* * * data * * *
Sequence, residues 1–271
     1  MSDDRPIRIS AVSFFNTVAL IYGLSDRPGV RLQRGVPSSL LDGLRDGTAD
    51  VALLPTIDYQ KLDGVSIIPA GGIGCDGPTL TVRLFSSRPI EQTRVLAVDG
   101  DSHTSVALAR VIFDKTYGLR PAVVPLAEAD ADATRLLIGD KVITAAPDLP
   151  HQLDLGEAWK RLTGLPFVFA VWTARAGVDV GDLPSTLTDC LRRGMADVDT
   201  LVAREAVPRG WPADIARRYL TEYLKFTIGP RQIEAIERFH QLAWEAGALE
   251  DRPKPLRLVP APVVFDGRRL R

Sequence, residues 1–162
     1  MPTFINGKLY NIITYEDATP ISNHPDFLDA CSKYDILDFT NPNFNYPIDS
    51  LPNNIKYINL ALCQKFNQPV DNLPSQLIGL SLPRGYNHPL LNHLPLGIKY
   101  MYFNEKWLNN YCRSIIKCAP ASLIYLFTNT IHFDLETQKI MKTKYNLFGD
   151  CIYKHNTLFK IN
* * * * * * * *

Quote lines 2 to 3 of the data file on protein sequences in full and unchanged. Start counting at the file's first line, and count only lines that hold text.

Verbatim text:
     1  MSDDRPIRIS AVSFFNTVAL IYGLSDRPGV RLQRGVPSSL LDGLRDGTAD
    51  VALLPTIDYQ KLDGVSIIPA GGIGCDGPTL TVRLFSSRPI EQTRVLAVDG